The Oasis Reporters
September 19, 2019
By Moses Gbande, Jos
The Governor of Ekiti State, who doubles as Chairman, Nigerian Governors’ Forum, Dr. John Kayode Fayemi has described the 20 years of democratic rule in Nigeria as a tortuous one.
Dr. John Kayode Fayemi who confidently expressed his feelings in Jos while addressing members of the Executive Course 41 of the National Institute for Policy and Strategic Studies (NIPSS), Kuru says right from the incursion of the Military into the political space in 1966, when the fragile democratic structures of the country were literally pulled down, the journey to democracy and democratisation has been with sweat and blood.
Speaking on the topic, “Twenty years of Democratisation in Nigeria: Looking backward, moving forward”, Dr. Fayemi maintained that, “Quite ironic was the fact that while Nigerian Leaders that fought for the independence of Nigeria did not have to die in the hands of the colonial authorities, many Nigerians were illegally incarcerated, maimed, dehumanised and killed by their own military before we could get democracy.
“I do not need to repeat without sounding boring, the fact that many notable pro-democracy personalities were murdered in cold blood because of the fight for the institution of democracy in Nigeria”.
He said the system deteriorated from all sectors of life including electoral management, manipulation of the press, multiple party system with bad legal system to manage the democratic system.
“The Supremacy of the law means that all persons and institutions governed by law are equally subjected to the law. More succinctly‚ it means that even agents of state are submissive to the dictates of the law, for, this is the only guarantee that people‘s rights are protected from any dictatorial tendencies.
“It is the guarantee that private businesses owned by foreign nationals can be protected from severe adversity of diplomatic hostilities among nations. It also provides guarantee that ordinary citizens can have a place to ask for relief if their rights and privileges are trampled upon.
“One could confidently say that the rule of law has taken root in Nigeria. We have seen many instances that the federal government has lost cases to states, individuals and institutions. In fact, there are many judgement debts hanging on the police and other security agencies as a result of court pronouncements.
“We have seen courts reinstating people who got their appointments terminated under malicious circumstances. The courts have intervened in so many classical cases that have strengthened our constitutional jurisprudence on many matters that touched on the constitution, federalism, resource distribution and many others.
“As a governor in Ekiti State, I have got many unfavourable judgments from the state high courts; although some see this as strange in the states but this is a common experience in Ekiti. We can only wish for the better, there is no doubt that the rule of law and the protection of human rights is getting rooted in the Democratic practice of Nigeria and this is without prejudice with the fact that we still have concerns about the integrity of some of the judges and the quality of their pronouncements. But these are exceptions rather than the norm.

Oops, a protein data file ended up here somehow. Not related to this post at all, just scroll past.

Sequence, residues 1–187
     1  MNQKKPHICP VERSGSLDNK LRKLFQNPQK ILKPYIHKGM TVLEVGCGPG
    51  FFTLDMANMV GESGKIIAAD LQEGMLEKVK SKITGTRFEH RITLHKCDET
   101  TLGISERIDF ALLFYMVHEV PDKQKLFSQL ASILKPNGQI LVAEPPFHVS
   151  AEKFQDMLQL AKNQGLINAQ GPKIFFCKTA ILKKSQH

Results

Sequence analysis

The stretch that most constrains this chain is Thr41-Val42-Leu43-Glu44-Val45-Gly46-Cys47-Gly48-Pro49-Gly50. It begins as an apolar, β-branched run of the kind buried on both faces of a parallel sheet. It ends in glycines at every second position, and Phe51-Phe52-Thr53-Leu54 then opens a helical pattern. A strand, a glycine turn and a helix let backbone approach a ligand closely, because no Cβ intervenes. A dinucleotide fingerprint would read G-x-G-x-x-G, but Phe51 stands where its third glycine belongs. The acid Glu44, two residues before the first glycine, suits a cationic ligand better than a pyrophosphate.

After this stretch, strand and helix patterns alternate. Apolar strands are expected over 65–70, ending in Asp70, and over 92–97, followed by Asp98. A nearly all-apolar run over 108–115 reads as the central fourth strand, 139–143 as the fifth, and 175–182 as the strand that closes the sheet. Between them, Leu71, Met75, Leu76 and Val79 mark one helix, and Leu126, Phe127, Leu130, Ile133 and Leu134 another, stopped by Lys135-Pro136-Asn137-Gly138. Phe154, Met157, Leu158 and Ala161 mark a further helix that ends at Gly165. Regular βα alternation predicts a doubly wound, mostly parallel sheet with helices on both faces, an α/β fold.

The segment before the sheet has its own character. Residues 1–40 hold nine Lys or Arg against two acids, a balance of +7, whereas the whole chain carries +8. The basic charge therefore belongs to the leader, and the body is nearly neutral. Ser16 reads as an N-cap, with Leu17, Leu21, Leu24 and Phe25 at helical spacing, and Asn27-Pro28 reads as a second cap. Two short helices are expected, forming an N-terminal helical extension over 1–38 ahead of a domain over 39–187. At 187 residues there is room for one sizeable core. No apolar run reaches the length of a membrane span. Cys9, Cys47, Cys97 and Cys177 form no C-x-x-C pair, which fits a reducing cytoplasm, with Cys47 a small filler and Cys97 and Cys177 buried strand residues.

“Before coming to the political space, my first forte was in the civil society organisation. I co founded the Centre for Democracy and Development (COD) which was dedicated to the promotion of democratic ideas, good government and the democratisation of the country. I have been involved in many programmes aimed at engendering democratic practice after the long years of military mindset to public governance.
“It is therefore comforting to witness that Nigeria has very vibrant civil society organisations that have been in the vanguard of policy, advocacy, public engagements and capacity development programmes. They have also served as a formidable bastion of policy analysis and public enlightenment.
“In some cases, they have mobilised the public in resisting what they considered as threat to public interest through protests‚ litigation and advocacy.
“While we can pat ourselves on the back for the modest successes we have achieved, we do not need to be told that the job remains unfinished. I have indicated before, there is no ready-made democracy, every democratic nation continues to improve on how to be better in serving the greater number of people.
“However, I should like to highlight some areas that urgently needs radical improvement for us to further deepen our democratic culture, this is because until our democratisation process becomes an everyday culture, it would continue to be met with a dissonant disposition among the people generally.
“Essentially‚ Nigeria is still a traditional society where some elements of feudal, monarchical and theocratic practice deeply influence the values and social relations among her people, this has made the concept of citizenship a lot difficult to fully have its meaning.
“This has unfortunately, ultimately done an incalculable dent on our democratisation process and in fact, fed most of what are known as communal and ethnic conflicts in the country. Our democratic culture is still weaved around primordial clannish boundaries such that people can only contest election in a place called their “state of origin”.
“Nigerians must boldly interrogate the definition of a people as “non indigene” settlers or even strangers in a country they call their own!
“Democracy makes more meaning when citizens have the same rights and privileges no matter where they live and settle.”